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Die Hard 2 pod (yes it was like 8 months ago, I just missed it):

Simmons said he has to see Die Hard With a Vengeance again because he's not really sure about it but that it's not on as much as others. About 2 minutes later "I think that's why (Die Hard 2) isn't on as much as 1 and 3" when referencing the plane crash.
 

8slim

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I have to admit, I haven’t listened to an episode since Glengarry Glen Ross. And 7 of the past 8 episodes I have no interest in. I’ll check out Planes, Trains & Automobiles soon. The rest? A big meh.
 

LastTripleCrown

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It was great during the Man On Fire episode when Simmons made a joke about his wife mispronouncing an actor's name. Chris Ryan said something like who are you to give someone a hard time for not being able to pronounce a word correctly.
 

Leather

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Yeah the choices have been pretty lackluster lately, PT&A aside.

I've only listened to the first 15 minutes of the Man on Fire one but already we have Simmons wondering why Man on Fire wasn't a BIG MOVIE two minutes after talking about how at one point Denzel sticks an explosive up some guy's ass. I dunno, Bill, maybe it's hard to market that kind of movie to a large audience? Speaking personally, I never had any interest in Man on Fire exactly because it looked like a generic "Over the Top Denzel" movie, which is its own subgenre.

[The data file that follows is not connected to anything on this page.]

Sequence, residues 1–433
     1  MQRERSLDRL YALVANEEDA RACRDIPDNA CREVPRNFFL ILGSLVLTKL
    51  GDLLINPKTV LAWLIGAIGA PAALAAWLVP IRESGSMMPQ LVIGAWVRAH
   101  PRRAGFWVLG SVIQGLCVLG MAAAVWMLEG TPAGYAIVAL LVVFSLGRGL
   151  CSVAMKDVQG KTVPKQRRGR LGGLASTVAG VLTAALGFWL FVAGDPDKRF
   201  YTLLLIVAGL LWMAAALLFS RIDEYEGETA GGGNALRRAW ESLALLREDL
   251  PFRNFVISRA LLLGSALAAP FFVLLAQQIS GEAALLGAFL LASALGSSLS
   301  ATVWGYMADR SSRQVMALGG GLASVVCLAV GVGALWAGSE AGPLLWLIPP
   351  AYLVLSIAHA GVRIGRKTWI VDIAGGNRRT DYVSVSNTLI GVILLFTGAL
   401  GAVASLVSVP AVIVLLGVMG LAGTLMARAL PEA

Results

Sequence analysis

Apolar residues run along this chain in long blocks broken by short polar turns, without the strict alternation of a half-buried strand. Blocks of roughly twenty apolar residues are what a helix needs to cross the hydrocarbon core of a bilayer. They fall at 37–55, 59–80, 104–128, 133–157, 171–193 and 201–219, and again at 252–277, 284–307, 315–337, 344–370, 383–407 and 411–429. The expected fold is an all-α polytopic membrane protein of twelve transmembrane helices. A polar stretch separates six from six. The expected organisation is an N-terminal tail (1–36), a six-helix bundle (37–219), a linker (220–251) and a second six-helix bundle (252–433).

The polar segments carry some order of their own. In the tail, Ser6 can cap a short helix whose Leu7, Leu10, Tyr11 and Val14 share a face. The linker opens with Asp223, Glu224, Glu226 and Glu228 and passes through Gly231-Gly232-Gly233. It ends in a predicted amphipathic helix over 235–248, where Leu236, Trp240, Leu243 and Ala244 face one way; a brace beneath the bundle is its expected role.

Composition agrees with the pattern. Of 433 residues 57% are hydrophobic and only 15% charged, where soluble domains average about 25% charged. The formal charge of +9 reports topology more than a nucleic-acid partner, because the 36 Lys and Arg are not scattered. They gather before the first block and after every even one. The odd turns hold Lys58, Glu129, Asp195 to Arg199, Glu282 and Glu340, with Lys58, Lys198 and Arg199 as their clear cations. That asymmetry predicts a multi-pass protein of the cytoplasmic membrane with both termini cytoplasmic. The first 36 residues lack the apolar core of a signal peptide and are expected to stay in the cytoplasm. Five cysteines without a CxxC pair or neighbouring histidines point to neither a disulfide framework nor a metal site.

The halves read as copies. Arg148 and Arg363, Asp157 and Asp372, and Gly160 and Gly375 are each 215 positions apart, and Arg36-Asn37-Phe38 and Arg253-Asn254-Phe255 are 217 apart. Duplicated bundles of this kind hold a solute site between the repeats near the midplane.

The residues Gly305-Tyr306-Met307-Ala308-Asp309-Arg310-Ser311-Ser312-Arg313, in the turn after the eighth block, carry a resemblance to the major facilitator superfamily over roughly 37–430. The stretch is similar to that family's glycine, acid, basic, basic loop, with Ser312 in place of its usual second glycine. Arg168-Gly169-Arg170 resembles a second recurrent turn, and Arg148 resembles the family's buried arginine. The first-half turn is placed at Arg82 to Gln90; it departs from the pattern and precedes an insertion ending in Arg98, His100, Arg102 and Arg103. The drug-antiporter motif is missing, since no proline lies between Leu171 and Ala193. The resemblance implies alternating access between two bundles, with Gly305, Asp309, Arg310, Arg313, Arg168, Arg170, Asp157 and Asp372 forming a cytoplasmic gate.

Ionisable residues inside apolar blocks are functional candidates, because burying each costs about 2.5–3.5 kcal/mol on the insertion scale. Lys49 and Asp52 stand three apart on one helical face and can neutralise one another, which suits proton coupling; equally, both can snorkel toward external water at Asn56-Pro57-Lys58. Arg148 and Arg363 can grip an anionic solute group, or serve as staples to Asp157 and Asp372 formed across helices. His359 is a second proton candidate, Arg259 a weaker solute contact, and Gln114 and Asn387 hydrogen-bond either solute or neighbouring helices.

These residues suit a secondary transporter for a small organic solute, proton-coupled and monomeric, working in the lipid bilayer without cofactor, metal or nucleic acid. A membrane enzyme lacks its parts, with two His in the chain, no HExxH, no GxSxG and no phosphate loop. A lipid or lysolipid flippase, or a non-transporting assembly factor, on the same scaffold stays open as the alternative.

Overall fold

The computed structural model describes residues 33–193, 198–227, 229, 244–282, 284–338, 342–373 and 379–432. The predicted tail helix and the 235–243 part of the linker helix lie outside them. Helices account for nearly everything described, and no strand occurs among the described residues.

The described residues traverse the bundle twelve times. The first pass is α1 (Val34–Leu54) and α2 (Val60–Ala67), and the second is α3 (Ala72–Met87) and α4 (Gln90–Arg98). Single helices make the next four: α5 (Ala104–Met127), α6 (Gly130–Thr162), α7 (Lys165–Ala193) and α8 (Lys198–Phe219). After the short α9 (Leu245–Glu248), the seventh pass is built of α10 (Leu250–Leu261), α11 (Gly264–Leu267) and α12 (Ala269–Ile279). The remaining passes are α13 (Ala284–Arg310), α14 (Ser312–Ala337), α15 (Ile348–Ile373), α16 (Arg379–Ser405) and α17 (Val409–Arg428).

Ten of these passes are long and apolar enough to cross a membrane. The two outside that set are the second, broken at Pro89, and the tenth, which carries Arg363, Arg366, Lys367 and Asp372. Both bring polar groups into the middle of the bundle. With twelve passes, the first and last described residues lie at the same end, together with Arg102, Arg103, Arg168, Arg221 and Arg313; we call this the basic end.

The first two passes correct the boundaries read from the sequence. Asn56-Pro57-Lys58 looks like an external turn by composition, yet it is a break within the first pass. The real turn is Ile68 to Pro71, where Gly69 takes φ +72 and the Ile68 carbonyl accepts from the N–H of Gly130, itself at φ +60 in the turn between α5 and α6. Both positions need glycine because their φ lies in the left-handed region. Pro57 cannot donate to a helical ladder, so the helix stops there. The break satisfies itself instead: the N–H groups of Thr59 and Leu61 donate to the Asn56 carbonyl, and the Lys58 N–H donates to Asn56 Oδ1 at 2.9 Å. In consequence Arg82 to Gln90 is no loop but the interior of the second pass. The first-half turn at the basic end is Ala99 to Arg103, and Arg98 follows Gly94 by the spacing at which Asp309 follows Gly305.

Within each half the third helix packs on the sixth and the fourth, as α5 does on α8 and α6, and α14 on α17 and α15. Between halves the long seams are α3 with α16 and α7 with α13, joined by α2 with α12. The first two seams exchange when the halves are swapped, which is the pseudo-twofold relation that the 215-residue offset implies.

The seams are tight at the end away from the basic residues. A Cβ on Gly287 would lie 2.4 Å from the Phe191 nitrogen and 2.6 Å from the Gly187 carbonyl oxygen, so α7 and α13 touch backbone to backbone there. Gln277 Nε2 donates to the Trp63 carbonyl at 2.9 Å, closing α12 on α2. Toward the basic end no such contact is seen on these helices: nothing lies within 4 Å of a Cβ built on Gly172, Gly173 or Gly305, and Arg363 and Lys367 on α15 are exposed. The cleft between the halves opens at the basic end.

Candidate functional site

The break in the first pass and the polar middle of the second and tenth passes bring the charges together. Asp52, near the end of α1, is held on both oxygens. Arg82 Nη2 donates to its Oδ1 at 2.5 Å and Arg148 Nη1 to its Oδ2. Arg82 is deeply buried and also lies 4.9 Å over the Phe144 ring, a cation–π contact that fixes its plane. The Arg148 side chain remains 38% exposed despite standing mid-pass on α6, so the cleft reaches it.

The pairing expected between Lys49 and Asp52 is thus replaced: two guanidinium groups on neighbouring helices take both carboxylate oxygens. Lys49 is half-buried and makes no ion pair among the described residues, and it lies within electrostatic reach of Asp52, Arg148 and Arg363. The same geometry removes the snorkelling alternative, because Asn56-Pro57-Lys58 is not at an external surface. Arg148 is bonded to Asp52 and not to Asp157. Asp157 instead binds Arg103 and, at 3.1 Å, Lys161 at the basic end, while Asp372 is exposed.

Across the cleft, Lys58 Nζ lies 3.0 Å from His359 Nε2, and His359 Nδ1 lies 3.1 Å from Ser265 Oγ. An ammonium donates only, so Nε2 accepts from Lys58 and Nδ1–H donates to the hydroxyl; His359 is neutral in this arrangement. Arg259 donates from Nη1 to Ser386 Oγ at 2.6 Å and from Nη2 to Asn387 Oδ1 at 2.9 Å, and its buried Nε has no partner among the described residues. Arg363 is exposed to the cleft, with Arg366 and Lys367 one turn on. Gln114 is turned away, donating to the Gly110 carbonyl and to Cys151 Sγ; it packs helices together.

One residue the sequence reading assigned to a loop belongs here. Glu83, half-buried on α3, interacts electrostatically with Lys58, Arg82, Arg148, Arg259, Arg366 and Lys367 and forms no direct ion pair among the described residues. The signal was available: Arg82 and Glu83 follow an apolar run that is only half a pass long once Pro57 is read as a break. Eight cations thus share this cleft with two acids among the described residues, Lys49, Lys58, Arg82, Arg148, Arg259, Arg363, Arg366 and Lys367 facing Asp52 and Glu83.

And on a broader point, I have nothing against Denzel but you have to be kidding me with the idea his filmography from 1987 to 2012 was some unimpeachable run. There's a TON of dogshit in there. John Q? The Siege? Fallen? He's chased paychecks as much as anybody.
 

luckiestman

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Yeah the choices have been pretty lackluster lately, PT&A aside.

I've only listened to the first 15 minutes of the Man on Fire one but already we have Simmons wondering why Man on Fire wasn't a BIG MOVIE two minutes after talking about how at one point Denzel sticks an explosive up some guy's ass. I dunno, Bill, maybe it's hard to market that kind of movie to a large audience? Speaking personally, I never had any interest in Man on Fire exactly because it looked like a generic "Over the Top Denzel" movie, which is its own subgenre.